There was one time Nick took control of the game — the game he purchased. Tom and I had repeatedly fallen prey to a quick-time event in which Leon is accosted by, of all things, a large, rolling boulder. The player merely had to mash the A button, the only button you can actually hit on the Gamecube controller, in order to make Leon run to safety. The actual rate one needed to press the button apparently was measured in hertz as we watched poor Leon get crushed by a boulder over and over.


Just as we were about to give up in frustration, Nicolo awakened from under a pile of Sour Patch Kids, like a sleeping grand master of button mashing, and took the controller. Apparently Nicolo had traveled the Himalayas, training with ancient button monks. (That, or he played way too much Mario Party as a teen.) Either way, the scene that followed was not a harrowing scene of Leon barely escaping boulder but a “Benny Hill” chase scene played at twice the normal speed. What Tom and I couldn’t finish in 20 minutes Nicolo beat in 10 seconds, and before we could ask him where he learned such a skill, he collapsed into a sugar coma, never to be heard from again. Or so the legends goes.


If I had to pick one experience that benefited most from activating its secret co-op mode, it would be the time I played Shadows of the Colossus two-player style. Everyone was talking about this game nonstop when it released and a PS2-less friend who lived on the floor above my apartment wanted to at least see this important game. After we figured out that the game was a series of boss battles, we realized both people could enjoy playing the game if we simply traded off bosses.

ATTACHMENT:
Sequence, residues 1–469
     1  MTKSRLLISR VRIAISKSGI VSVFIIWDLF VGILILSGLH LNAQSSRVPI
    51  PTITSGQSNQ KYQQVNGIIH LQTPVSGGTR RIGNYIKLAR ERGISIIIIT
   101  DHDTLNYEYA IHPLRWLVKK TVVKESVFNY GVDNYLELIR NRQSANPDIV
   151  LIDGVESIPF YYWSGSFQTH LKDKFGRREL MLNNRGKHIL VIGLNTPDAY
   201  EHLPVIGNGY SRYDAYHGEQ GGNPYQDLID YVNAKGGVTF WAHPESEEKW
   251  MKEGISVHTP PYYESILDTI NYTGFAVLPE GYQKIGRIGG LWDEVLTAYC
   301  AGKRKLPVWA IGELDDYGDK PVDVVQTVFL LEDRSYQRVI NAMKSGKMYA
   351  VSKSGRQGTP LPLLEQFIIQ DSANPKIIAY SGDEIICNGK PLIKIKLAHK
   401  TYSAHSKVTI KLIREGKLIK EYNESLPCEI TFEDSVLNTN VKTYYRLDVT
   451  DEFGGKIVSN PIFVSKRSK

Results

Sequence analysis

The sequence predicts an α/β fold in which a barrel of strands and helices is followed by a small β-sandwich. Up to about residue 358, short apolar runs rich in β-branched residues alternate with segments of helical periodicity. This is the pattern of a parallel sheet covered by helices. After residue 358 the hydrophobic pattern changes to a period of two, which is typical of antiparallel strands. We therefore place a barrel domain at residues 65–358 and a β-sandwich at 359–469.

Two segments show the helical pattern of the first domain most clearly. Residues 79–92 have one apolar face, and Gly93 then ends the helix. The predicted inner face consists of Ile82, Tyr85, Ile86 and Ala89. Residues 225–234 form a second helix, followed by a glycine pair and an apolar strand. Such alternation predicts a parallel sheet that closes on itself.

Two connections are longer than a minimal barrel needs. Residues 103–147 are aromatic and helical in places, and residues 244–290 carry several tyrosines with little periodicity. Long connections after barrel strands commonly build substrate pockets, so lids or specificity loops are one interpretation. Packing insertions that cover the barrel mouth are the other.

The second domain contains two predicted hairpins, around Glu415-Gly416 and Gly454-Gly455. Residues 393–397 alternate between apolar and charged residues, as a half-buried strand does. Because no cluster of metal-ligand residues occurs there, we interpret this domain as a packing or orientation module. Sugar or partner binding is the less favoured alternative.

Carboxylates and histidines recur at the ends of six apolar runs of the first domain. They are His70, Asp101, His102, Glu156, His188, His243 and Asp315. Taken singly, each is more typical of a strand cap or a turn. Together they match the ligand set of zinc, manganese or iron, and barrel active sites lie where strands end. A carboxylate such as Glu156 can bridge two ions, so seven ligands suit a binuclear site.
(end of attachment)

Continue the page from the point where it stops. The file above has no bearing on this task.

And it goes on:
Some people would point out that we didn’t get to enjoy the game as thoroughly as if we played independently, but I think the experience was very much improved by having a second set of eyes and having the chance to look at the game instead of focusing on playing the game. Every other boss was a reprieve from trying to find the next spot on the giants you were supposed to climb, and you instead were able to enjoy the scale and spectacle of the encounter. Not only was there the benefit of getting to enjoy the sights and sounds of Shadows, but when you were in the driver seat you had someone to help you spot the next move you were supposed to make. Each boss was basically a climbing puzzle and getting stumped would have ruined such a beautiful game. Personally, I would never have progressed past the 12 minutes I would have rode my faithful steed around the legs of that giant crab-thing. And if I had stopped there I would never have gotten to enjoy what many herald as a pinnacle of game design.


Secret co-op modes open doors people, doors to gaming nirvana. And it justifies that new Sixaxis I need…anyone know a good place to get one?


  1. Shawn Shawn

    Great article. I like the roundtable-esque format.

    • Thanks! We’re admittedly ripping off AV Club’s Q&A (of which I’m a big fan), but hopefully our unique voices make up for the lack of originality.